It seemed only right to begin with an activity to help create calm. Who knows, meditation may even become a regular practice in your household as most of us are forced to ‘hit the pause button’ for a while…
This first activity will explore the practice of meditation – a practice which is at the very heart of the Buddhist belief system and one which could help us quieten the mind and find calm in these difficult times.
I am well aware that for many of you, teaching your children at home may be completely alien and a daunting prospect. I’m also aware that some teachers may be teaching children of mixed ages as we continue to support children of key workers in schools. These activities are simply here to help you and give you ideas. You do not have to follow the guidance below to the letter, but rather pick and choose what will work for you – do as much or as little as you can.
1) Watch these fantastic BBC clips about meditation presented by Bettany Hughes, broadcaster and historian, where she discusses exactly what meditation is and why/how people do it. Talk to your child about the information you learn and perhaps try the breathing exercise together.
2) Experiment with meditation at home. You may have a meditation app your child can listen to or you may be able to help them find a suitable guided meditation video on YouTube*, such as the brilliant Cosmic Kids’ Zen Den Meditation Movies in my Mind (8-min guided meditation encouraging children to visualise images in their minds) or Yoga with Adriene‘s Meditation for the Classroom video (7-mins long with a focus on stillness, posture and breathing techniques).
*Be mindful of adverts that may pop up.
I would also highly recommend the excellent CBeebies ‘Wind Down’ – Daydreams guided meditation for slightly older children. It lasts for an hour, which may be too long for some, but you could easily choose to listen for as long as you feel you’d like to. It’s a beautiful guided meditation that encourages children to focus on the finer details of the natural world to help them relax; it also has stunning visuals and a variety of calming sounds to stimulate the senses. Before you start the video, make sure you get comfy and set the atmosphere (you may light a scented candle, spray some sleep/lavender mist or even dim the lights!). If possible, do the meditation together. You’d be surprised how much longer children sustain activities when they have an adult role model right beside them!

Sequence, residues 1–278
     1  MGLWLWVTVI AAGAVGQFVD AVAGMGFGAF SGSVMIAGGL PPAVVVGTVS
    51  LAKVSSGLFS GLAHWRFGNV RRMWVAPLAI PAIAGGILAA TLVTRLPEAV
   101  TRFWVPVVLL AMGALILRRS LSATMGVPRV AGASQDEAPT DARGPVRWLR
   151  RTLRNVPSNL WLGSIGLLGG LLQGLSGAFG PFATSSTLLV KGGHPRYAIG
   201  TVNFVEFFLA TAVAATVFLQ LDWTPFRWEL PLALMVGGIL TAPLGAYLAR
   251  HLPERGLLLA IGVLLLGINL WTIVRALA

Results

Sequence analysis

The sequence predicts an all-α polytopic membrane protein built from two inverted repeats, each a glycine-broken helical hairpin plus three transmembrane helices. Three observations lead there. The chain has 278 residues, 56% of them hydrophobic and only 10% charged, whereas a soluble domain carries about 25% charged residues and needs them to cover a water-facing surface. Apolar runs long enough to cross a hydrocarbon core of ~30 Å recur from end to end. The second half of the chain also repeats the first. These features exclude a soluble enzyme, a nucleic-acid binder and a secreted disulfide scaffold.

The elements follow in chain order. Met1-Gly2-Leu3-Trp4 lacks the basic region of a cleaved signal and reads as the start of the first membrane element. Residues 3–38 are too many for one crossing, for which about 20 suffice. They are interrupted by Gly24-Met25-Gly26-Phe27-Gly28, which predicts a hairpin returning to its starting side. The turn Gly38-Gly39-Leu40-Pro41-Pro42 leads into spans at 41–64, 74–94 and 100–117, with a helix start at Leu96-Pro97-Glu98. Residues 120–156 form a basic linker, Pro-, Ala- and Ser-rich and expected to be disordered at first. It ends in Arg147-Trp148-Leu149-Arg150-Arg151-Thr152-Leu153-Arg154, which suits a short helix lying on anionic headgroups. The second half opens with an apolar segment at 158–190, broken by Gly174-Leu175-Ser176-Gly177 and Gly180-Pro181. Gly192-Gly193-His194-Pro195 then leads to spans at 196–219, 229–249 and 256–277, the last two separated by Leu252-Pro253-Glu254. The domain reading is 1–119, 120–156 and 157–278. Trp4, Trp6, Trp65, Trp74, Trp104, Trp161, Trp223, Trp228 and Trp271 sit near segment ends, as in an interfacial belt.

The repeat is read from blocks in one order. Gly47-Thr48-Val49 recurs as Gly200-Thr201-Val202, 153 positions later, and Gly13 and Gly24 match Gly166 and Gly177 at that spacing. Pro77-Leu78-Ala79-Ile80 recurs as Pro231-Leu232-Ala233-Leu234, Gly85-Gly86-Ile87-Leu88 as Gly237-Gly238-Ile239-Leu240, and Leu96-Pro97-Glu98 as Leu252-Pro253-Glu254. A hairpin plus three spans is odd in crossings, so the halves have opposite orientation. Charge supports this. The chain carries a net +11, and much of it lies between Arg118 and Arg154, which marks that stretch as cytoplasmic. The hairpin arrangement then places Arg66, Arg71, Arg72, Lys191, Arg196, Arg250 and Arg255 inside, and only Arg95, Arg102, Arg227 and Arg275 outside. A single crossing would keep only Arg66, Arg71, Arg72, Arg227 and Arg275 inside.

3) Talk about the meditation experience. Did they like it? What did they like about it? How do their bodies feel? How do their minds feel? What was it like? Did it remind them of anything? Would they like to do it again sometime? Share your own experience of it too. This helps children learn how to articulate their thoughts and feelings. Where do you feel most relaxed? Describe this environment to me – what do you see, hear, smell, feel? If you could design your own meditation journey, where would you go? (It may help some children to have a series of images of peaceful, calming places at this point in the discussion). Again, encourage them to describe it in detail.
4) Write your own guided meditation! A fun task following the meditation, would be for the child to write a guided meditation for you (or someone else in the home) to help them feel relaxed. They could even write it for a grandparent or member of the family that is living somewhere else as guided meditations are mainly audible so they could be read aloud over the ‘phone or via FaceTime/Skype/Zoom etc. The important thing here is to give your child a real audience and purpose for the writing task. This makes it more meaningful for them. Have a read over this guide for Writing a Guided Meditation. I also found this great Write your own Guided Meditation script, which may be useful to help children plan out their ideas.
5) Perform and Share! Finally, give your child the opportunity to perform or share their writing. This could be as simple as reading it aloud to someone else in the house, or phoning a granny or grandad to read aloud over the ‘phone. You may encourage them to add sound effects, or record their guided meditation narration on your iPhone/iPad to play back any time they’re in need of ‘winding down’. If your child is technically-minded, they may wish to use an app, such as iMovie, to turn their script into a relaxing film.They could also extend this piece by creating some artwork of their ‘special place’.
Create, Share and Connect
If you do complete the activities, or you have any questions or suggestions, I’d love to hear from you! Please do feel free to share your successes and feed back in the comments box below or post a photo on social media (you can find me on Facebook and Twitter) using the hashtag #literacywithmissp… Good luck!
- UK Mind has advice about Coronavirus and wellbeing.
- Calm and Headspace have both released free digital meditation apps to help the public cope with anxiety and panic.
- Calm has also created an online hub with content including sleep stories, meditations, music and mindful movement. They also plan to livestream anxiety-reducing meditations soon…
- Headspace has unlocked a specially-curated collection of meditation and mindfulness content, called Weathering the Storm, available in several languages.
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